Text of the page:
It is important that healthcare staff receive adequate training in communicating with patients with limited proficiency in English and know how to obtain an interpreter. Lee et al (2006) found that 35% of resident respondents cited a lack of instruction in providing care involving an interpreter, 55% had little or no instruction on assessing patient literacy, 54% reported a lack of access to interpreters and 58% cited a lack of time when delivering cross-cultural care.


Although it is recommended that children do not act as interpreters, it can be argued that with limited availability of professional interpreters, children may be acceptable if the consultation is likely to be straightforward. Children should not be used when consultations are complex, involving discussions about difficult or sensitive issues, including prognosis, symptom control or end-of-life planning.

In emergency situations it may not be feasible to wait for an interpreter without risking serious harm to the patient, and in such circumstances children may be asked to interpret, the priority being to provide treatment to prevent harm. However, in these instances children would need support to mitigate the impact of interpretation.

The realities of using child interpreters

NHS policy says that interpretation and translation should be provided free at the point of delivery, be of a high quality, accessible and responsive to a patient’s linguistic and cultural identity.

But the cost is considerable. A report by 2020Health found that the NHS spent £23m a year on translation and interpreter services in 2012, an increase of 17% since 2007.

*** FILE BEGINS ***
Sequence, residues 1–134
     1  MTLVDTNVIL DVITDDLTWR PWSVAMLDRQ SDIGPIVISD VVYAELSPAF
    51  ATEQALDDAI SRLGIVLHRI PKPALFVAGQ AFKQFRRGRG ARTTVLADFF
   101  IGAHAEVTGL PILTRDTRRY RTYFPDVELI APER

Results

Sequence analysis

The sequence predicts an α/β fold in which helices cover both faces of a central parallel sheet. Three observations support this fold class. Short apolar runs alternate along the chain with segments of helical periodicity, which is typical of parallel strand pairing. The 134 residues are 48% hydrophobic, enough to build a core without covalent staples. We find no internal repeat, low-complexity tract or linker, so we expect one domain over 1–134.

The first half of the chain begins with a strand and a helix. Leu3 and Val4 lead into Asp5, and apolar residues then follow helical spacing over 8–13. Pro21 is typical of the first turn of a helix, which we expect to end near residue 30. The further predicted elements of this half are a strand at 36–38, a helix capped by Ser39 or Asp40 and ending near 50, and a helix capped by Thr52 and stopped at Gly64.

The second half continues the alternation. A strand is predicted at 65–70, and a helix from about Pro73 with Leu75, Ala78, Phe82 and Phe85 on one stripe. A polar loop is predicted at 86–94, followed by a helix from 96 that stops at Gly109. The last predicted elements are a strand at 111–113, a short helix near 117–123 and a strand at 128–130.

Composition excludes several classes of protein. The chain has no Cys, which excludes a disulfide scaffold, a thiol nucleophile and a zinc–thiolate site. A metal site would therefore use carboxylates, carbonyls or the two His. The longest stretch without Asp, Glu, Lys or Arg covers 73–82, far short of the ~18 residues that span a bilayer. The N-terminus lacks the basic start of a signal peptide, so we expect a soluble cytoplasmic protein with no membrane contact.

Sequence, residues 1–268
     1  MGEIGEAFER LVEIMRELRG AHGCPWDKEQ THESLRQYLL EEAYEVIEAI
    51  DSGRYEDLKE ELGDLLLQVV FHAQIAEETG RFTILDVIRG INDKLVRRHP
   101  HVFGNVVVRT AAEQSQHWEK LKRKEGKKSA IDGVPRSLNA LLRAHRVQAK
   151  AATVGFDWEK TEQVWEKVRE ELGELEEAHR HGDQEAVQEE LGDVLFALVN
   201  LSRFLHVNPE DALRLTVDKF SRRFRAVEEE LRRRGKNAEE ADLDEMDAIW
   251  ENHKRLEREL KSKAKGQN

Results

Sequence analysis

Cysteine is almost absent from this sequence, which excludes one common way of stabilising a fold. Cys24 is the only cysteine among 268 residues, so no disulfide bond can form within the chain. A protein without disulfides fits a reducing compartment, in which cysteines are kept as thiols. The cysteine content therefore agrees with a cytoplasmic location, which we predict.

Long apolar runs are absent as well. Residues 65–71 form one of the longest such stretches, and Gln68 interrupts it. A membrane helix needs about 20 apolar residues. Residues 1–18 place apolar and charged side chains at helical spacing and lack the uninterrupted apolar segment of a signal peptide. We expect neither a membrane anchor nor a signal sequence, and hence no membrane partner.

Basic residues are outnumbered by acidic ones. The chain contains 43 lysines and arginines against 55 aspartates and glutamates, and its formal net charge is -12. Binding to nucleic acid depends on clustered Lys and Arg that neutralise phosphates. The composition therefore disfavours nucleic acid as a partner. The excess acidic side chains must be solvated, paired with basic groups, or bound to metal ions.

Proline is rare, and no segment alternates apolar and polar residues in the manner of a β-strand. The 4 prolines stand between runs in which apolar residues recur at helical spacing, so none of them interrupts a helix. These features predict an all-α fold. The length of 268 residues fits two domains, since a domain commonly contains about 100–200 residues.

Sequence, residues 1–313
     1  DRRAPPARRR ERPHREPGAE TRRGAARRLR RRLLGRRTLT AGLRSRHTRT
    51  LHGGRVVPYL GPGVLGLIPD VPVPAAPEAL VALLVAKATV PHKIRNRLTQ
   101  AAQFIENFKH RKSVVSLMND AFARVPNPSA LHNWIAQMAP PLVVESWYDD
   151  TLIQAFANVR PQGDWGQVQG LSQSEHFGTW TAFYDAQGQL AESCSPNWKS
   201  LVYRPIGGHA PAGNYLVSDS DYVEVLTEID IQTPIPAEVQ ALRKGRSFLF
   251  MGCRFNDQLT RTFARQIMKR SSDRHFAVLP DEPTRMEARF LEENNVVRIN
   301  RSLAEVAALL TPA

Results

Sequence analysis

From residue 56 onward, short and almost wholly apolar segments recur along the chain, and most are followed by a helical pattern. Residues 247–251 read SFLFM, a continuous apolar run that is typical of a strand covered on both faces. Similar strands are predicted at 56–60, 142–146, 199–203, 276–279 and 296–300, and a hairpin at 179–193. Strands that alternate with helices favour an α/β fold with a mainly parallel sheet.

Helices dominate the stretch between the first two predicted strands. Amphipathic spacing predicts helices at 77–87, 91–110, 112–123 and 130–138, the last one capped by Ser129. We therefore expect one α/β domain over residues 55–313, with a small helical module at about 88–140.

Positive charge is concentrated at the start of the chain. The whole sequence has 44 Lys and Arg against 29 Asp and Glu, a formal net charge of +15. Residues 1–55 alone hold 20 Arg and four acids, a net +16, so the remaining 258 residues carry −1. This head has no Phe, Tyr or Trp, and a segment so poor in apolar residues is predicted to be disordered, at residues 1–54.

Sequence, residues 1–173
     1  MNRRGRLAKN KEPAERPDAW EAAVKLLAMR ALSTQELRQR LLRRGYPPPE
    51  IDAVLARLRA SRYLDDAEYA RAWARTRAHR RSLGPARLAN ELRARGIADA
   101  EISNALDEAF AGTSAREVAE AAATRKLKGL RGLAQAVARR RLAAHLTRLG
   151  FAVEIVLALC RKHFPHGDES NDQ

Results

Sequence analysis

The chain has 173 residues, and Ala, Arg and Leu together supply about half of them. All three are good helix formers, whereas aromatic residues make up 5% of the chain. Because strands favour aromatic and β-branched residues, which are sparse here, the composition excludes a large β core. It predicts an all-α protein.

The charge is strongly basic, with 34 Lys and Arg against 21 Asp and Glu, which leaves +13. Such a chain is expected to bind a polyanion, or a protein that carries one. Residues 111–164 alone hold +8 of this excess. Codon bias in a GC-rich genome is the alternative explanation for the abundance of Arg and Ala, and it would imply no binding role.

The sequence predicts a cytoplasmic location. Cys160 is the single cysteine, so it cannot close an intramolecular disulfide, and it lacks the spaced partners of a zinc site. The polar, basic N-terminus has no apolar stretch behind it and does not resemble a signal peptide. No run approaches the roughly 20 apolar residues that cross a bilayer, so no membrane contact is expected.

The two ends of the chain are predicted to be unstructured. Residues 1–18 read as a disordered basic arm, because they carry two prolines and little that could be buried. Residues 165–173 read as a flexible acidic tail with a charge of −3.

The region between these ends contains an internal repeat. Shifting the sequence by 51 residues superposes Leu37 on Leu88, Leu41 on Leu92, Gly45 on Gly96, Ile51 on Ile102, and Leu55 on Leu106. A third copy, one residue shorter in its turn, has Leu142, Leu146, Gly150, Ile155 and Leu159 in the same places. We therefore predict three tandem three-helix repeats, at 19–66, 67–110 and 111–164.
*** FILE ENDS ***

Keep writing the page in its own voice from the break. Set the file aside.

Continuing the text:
NHS England says that the use of an inadequately trained interpreter poses risks for both the patient and healthcare provider and may be more risky than having no interpreter at all.

To help manage costs, NHS Shared Business Services (NHS SBS) was established in 2004 to deliver £1bn savings to the NHS by 2020.

Face-to-face, phone, and BSL interpretation and document translation are available via the NHS SBS. NHS providers can select these services from suppliers on the NHS SBS’s list.

But when one supplier went into liquidation this year, Unite called on the government to investigate how interpretation contracts are awarded. It said a ‘race to the bottom’ in public sector outsourcing was adversely affecting people who rely on interpreting services.

Unite said that cost-cutting across the sector was driving away interpreters from the profession as they could not afford to live on the wages. Unite, which embraces the National Union of British Sign Language Interpreters (NUBSLI), said that skilled interpreters were being paid as little as £12 an hour, while the NUBSLI said freelance rates for fully qualified interpreters in London were £260-a-day.


George Guiton is a student at the University of Sheffield; James Dunne is designated nurse safeguarding children at NHS Wiltshire Clinical Commissioning Group; and Dr Fiona Finlay is a paediatrician at Virgin Care in Bath.